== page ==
Additional countdown hold for Shuttle Discovery

by Chris Bergin

A NASA executive decision has officially added the option of an additional hold being called – with one minute remaining in the countdown – to avoid the bird strike risk observed just seconds into the launch of Shuttle Discovery on STS-114 last year.

Implemented into STS-121’s Terminal Countdown, the Launch Director at KSC now has the power to halt Discovery’s countdown at a new hold point of T-60 seconds, if there’s a threat of a bird strike.

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The ‘Closure of INEV-01 (Natural Environments) Integrated Hazard Report’ was initiated due to the bird strike on the External Tank during STS-114, just seconds into lift-off. Due to that event, managers have noted that the likelihood of similar event has increased from ‘remote to infrequent,’ as part of their IFA (In Flight Anomaly) report.

STS-114’s bird strike – now identified as a Vulture – was caught on video, which showed one bird of a small flock crashing into the top of the External Tank, before falling down the Shuttle to its unpleasant death. **VIDEO OF THE BIRD STRIKE**

‘STS-114 sustained a low-speed bird strike at lift-off. Before it had cleared the Pad 39B umbilical tower, the SSV (Space Shuttle Vehicle) struck what was later identified as a Vulture, which impacted the external tank ogive and fell on the -Z side of the ET,’ noted the document. ‘It was vaporized by the SRB plumes.

‘Two other large birds were seen flying over the SSV and are presumed to have also been vaporized. As a result of this bird strike, an In-Flight Anomaly (IFA), IFA-114-I-13 Bird Strike During Ascent, was initiated.’

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While the document claims the Launch Director will make the ‘decision to hold or continue countdown at T-1 min. based on bird activity near pad,’ sources note that this will be a new hold point in the countdown, as opposed to running to T-31 seconds and then holding, ahead of Auto Sequence Start.

The ability to hold at T-1 minute is very limited after the start of LOX drainback which occurs at T- 4:55. This hold time is typically three to four minutes long before a scrub has to be called.

The raising of the likelihood of a problem with bird activity interfering with the launch is – according to the document – ‘based on limited effectiveness of tools to detect birds near launch pad. Limited experience with detection tools.’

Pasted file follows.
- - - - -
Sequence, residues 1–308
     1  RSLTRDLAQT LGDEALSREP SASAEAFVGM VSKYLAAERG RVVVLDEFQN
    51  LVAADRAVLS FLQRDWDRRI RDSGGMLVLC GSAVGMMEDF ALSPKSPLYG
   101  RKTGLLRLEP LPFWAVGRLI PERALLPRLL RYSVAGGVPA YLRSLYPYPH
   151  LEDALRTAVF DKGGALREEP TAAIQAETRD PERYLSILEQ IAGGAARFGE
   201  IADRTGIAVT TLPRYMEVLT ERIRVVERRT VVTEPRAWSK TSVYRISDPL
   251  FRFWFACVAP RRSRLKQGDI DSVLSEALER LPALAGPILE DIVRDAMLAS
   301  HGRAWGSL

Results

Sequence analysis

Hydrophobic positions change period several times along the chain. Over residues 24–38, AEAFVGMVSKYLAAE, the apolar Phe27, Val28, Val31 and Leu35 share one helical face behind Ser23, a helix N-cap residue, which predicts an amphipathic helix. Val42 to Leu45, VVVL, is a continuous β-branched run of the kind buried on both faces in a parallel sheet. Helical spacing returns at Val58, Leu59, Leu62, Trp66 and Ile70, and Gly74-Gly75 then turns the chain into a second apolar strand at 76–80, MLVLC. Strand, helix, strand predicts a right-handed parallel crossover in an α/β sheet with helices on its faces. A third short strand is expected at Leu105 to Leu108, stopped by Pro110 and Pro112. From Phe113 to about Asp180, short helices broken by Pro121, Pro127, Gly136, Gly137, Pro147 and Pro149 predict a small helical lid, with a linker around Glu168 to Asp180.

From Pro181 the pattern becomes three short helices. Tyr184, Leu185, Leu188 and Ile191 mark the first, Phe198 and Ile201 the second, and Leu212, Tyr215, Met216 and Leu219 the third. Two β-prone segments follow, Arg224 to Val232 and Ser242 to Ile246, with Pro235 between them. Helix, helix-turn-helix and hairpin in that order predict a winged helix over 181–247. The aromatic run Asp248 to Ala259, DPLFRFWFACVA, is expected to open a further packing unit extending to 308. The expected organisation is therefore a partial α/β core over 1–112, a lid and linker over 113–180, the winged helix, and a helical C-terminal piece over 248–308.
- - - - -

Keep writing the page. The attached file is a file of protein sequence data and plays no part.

While a re-evaluation will take place prior to STS-115 with Atlantis, the ‘consequence remains CATASTROPHIC,’ yet also ‘remains (an) ACCEPTED RISK. Overall Hazard Report classification remains ACCEPTED RISK.’

Measures have already been put in place to mitigate the potential issue, with sound deterrents and vulture traps planned for STS-121, plus the recent Carrion removal program implemented at KSC. Bird radar and cameras are also planned to be used to monitor birds.

Other measures include ‘Terror Eyes’ scary balloons on the pad, visual monitoring, Vulture traps water hoses, predatory bird calls, loud noises and bird cannons.

‘The Launch Director makes a decision within the last minute of the countdown whether to continue the count based on an assessment of the bird activity near the vehicle to mitigate the risk of invasive fauna. This new procedure serves to reduce the risk of striking a bird during launch,’ noted an adjoined report from Boeing and the United Space Alliance.

‘Several mitigation techniques, including sound deterrents and vulture traps are planned for implementation for STS-121. Additionally, a carrion (road kill) removal program has been implemented to reduce the vulture population at KSC. The goal of this program is to remove any animal carcasses from the roads within one day.

‘U.S Fish and Wildlife Service at Merritt Island National Wildlife Refuge believes that such a reduction in the available food source will result in a reduction in the resident vulture population.’

STS-121 is due to launch next month in a window that may possibly be pushed back slightly to a NET (No Earlier Than) July 2 or 3 due to lighting constraints on ET debris imaging *article to follow based on a large outline document now published on L2*

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